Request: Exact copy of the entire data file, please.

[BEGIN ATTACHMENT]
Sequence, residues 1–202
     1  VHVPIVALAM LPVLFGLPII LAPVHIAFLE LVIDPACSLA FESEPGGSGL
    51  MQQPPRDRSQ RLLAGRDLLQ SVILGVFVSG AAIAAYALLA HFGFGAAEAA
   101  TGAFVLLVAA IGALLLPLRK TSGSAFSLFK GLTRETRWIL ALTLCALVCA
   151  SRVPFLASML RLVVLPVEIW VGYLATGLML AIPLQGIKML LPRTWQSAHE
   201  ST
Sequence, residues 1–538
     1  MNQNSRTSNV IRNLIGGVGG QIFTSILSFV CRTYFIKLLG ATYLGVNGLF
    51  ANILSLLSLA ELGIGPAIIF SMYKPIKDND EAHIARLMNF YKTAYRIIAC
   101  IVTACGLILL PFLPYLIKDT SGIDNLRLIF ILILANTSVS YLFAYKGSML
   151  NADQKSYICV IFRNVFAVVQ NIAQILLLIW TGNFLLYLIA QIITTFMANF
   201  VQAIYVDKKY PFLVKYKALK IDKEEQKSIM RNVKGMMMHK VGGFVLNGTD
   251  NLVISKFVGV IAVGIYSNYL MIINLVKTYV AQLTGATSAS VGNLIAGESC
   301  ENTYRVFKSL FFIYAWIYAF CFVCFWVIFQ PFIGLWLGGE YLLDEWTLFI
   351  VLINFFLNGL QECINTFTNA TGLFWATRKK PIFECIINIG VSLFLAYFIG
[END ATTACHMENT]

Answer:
Sequence, residues 1–202
     1  VHVPIVALAM LPVLFGLPII LAPVHIAFLE LVIDPACSLA FESEPGGSGL
    51  MQQPPRDRSQ RLLAGRDLLQ SVILGVFVSG AAIAAYALLA HFGFGAAEAA
   101  TGAFVLLVAA IGALLLPLRK TSGSAFSLFK GLTRETRWIL ALTLCALVCA
   151  SRVPFLASML RLVVLPVEIW VGYLATGLML AIPLQGIKML LPRTWQSAHE
   201  ST
Sequence, residues 1–538
     1  MNQNSRTSNV IRNLIGGVGG QIFTSILSFV CRTYFIKLLG ATYLGVNGLF
    51  ANILSLLSLA ELGIGPAIIF SMYKPIKDND EAHIARLMNF YKTAYRIIAC
   101  IVTACGLILL PFLPYLIKDT SGIDNLRLIF ILILANTSVS YLFAYKGSML
   151  NADQKSYICV IFRNVFAVVQ NIAQILLLIW TGNFLLYLIA QIITTFMANF
   201  VQAIYVDKKY PFLVKYKALK IDKEEQKSIM RNVKGMMMHK VGGFVLNGTD
   251  NLVISKFVGV IAVGIYSNYL MIINLVKTYV AQLTGATSAS VGNLIAGESC
   301  ENTYRVFKSL FFIYAWIYAF CFVCFWVIFQ PFIGLWLGGE YLLDEWTLFI
   351  VLINFFLNGL QECINTFTNA TGLFWATRKK PIFECIINIG VSLFLAYFIG